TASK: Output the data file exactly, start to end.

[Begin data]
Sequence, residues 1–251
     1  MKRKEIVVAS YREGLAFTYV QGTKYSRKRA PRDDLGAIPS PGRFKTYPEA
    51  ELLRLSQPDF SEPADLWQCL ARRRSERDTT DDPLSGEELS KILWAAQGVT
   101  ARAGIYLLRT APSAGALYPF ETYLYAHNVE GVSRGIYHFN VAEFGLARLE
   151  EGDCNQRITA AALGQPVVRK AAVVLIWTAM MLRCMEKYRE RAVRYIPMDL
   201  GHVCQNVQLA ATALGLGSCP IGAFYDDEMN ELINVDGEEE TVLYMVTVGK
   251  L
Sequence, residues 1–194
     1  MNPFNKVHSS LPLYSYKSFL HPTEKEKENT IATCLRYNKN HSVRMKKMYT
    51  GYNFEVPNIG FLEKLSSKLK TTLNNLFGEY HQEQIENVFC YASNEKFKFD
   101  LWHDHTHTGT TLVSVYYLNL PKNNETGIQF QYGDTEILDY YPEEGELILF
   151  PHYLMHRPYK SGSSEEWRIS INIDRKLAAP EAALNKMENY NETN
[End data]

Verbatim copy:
Sequence, residues 1–251
     1  MKRKEIVVAS YREGLAFTYV QGTKYSRKRA PRDDLGAIPS PGRFKTYPEA
    51  ELLRLSQPDF SEPADLWQCL ARRRSERDTT DDPLSGEELS KILWAAQGVT
   101  ARAGIYLLRT APSAGALYPF ETYLYAHNVE GVSRGIYHFN VAEFGLARLE
   151  EGDCNQRITA AALGQPVVRK AAVVLIWTAM MLRCMEKYRE RAVRYIPMDL
   201  GHVCQNVQLA ATALGLGSCP IGAFYDDEMN ELINVDGEEE TVLYMVTVGK
   251  L
Sequence, residues 1–194
     1  MNPFNKVHSS LPLYSYKSFL HPTEKEKENT IATCLRYNKN HSVRMKKMYT
    51  GYNFEVPNIG FLEKLSSKLK TTLNNLFGEY HQEQIENVFC YASNEKFKFD
   101  LWHDHTHTGT TLVSVYYLNL PKNNETGIQF QYGDTEILDY YPEEGELILF
   151  PHYLMHRPYK SGSSEEWRIS INIDRKLAAP EAALNKMENY NETN